In May 2020, however, the Supreme Court annulled the permit for the solar and wind farm, citing a contravention of Indigenous communities’ rights to prior consultation, after residents of Cuncunul and Valladolid, 1500 kilometres south of Mexico City, sued JinkoSolar. The Second Chamber of the Mexican Supreme Court unanimously found a judgement of opposition against the project, and mandated that social and economic impacts on Indigenous communities must be evaluated in collaboration with the communities themselves in order that they receive ‘fair and equitable benefits’. Notably, the same court denied an injunction against the construction of a cyanide plant in Durango, which has been a subject of liturgical contention since 2018.
The expansion of renewable energy sources is legally mandated in Mexico under the 2015 Energy Transition Law, (Ley de Transición Energética) which mandates that 30% of Mexico’s energy must come from renewable sources by 2021, and 35% by 2024. Mexico’s recent commitment to the law, however, has been shaky at best. President Andrés Manuel López Obrador’s support for the fossil fuel industry, despite his early promises, has threatened to halt progress towards these goals, making moves at the expense of a renewable energy programme. Though rural communities may generate their own energy through off-grid renewable energy projects, a lack of capital and technical knowledge often inhibits the widespread success of such grassroots ventures.
In light of this, a moratorium against such a large renewable energy project could seem counterintuitive. In fact, the truth is precisely the opposite. The rejection of the solar park project does not signify a rejection of renewable energy as a whole; rather, environmental concern was one of the two key prongs of the defence against Jinkosolar.
Local Mayan populations have condemned the litany of environmental threats posed by the project, including deforestation and direct threat to endangered species, such as the ocelot and the Tamandula anteater, both of which are at risk of extinction.
The second prong of the defence against the solar park project stems from a more deeply entrenched discontent with the violation of the rights of Indigenous communities to prior consultation on projects that affect their livelihoods. Communities were not consulted on the installation of the solar farm and were given incomplete information on the project. It is on these grounds, and in keeping with ILO 169, that the Mexican Supreme Court ruled in favour of a resolution which respects the “prior and informed consultation of Indigenous peoples” and condemned the lack of field analysis and consultation conducted in the leadup to the solar park project.
This is certainly not, however, the first instance in recent Mexican history of a government imposition upon rural communities which pays no regard to the drastic effects such changes would wreak on the local economy and ecosystem. For today’s Yucatan citizens, the Tren Maya and its consultative debacle has further served to widen the fracture between government policy and local feeling. Due to stretch across the states of Yucatan, Campeche, Tabasco, Chiapas and Quintana Roo, the Tren Maya highlights the disconnect between what the central government in Mexico City is touting as the introduction of essential new infrastructure, and what communities want for themselves.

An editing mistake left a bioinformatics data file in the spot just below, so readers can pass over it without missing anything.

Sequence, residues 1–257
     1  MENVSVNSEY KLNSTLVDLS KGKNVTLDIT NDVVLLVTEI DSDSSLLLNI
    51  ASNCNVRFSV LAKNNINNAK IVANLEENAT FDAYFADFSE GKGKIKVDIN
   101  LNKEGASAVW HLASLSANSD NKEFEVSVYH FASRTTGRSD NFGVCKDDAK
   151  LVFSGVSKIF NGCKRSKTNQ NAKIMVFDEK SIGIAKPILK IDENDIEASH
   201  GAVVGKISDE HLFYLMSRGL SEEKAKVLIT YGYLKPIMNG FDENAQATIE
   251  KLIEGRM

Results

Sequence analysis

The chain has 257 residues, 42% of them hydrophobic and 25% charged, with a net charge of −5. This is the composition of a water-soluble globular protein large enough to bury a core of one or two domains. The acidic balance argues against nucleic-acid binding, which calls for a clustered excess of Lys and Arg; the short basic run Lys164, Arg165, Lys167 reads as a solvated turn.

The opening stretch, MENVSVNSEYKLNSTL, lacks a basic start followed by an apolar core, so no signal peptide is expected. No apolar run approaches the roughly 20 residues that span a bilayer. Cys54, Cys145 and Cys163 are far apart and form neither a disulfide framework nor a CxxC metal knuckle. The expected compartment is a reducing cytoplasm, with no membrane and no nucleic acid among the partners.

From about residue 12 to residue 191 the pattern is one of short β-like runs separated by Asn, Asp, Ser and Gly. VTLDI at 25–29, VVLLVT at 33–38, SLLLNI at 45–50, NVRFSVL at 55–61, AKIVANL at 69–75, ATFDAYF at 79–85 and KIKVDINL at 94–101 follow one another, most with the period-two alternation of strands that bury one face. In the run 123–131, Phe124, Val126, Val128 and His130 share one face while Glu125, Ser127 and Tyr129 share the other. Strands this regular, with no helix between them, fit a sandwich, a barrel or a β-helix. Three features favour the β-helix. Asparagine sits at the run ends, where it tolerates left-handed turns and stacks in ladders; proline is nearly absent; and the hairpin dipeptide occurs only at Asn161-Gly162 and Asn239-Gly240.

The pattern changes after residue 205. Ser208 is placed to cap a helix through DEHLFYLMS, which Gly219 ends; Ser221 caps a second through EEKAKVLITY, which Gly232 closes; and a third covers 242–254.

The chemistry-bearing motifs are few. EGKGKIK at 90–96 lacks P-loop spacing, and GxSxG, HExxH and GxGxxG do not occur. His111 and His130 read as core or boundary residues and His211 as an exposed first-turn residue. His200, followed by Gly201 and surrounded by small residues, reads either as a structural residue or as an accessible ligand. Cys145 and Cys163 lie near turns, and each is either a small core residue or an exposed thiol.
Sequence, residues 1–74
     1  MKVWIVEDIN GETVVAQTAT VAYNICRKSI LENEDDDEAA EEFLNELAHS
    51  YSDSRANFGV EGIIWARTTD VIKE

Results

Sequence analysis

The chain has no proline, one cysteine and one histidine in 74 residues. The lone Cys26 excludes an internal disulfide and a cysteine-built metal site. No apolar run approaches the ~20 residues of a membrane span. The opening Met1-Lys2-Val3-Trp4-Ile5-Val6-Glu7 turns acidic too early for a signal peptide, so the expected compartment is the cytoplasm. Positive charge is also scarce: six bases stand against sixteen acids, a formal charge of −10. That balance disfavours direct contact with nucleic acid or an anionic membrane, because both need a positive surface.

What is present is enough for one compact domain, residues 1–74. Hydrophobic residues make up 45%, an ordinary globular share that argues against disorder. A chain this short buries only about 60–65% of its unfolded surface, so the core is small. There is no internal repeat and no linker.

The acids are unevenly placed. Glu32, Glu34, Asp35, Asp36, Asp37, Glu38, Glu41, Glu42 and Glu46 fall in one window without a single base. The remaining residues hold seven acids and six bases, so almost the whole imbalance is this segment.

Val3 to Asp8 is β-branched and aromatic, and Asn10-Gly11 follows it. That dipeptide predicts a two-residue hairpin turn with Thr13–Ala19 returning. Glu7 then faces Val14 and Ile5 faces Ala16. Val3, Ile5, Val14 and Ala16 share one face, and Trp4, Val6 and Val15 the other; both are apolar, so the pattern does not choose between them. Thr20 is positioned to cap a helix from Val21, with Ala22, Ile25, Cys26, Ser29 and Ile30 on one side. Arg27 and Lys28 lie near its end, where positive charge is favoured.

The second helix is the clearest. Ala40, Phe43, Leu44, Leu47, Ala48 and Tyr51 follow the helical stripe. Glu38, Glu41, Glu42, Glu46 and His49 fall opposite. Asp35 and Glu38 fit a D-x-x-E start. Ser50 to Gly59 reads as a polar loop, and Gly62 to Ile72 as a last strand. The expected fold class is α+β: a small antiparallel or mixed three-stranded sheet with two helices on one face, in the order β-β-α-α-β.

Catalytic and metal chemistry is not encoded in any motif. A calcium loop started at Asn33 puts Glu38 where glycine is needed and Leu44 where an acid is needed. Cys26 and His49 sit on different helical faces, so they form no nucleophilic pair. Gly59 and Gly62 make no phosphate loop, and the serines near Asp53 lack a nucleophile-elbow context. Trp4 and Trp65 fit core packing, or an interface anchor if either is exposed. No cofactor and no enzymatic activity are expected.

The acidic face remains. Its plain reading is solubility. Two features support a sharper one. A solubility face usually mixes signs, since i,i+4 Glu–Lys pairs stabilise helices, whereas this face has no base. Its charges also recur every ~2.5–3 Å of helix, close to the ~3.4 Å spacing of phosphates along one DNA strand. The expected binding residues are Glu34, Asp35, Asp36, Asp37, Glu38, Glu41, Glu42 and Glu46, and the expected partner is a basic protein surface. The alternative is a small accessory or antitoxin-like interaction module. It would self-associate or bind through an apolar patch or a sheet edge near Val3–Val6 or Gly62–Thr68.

It should come as no surprise to anyone that environmental initiatives must necessarily be community driven and interwoven with the fabric of the lifestyles of the people they purport to protect. So whilst the halting of the Yucatan Solar and Wind Park represents a small victory in Mexico, it is by no means indicative of a trend. There needs to be more work done to ensure that the climate policies are consistently implemented in line with the fundamental human rights of indigenous populations. Taken in conjunction, what the Yucatan Solar Park and Tren Maya reveal is a fundamental lack of consideration for Indigenous communities, a lack of respect whose roots reach far back into the past towards anachronistic and dangerous colonial attitudes.
In the list of challenges Latin America has to face up in the early twenty-first century, how to genuinely partner with indigenous communities and their sovereign land could not be higher up the list.
For The Yucatan Times
Shannon Collins is a freelance writer, contributing to a variety of publications. As well as working with environmental organisations, she is pursuing a MA in English Linguistics at University College London.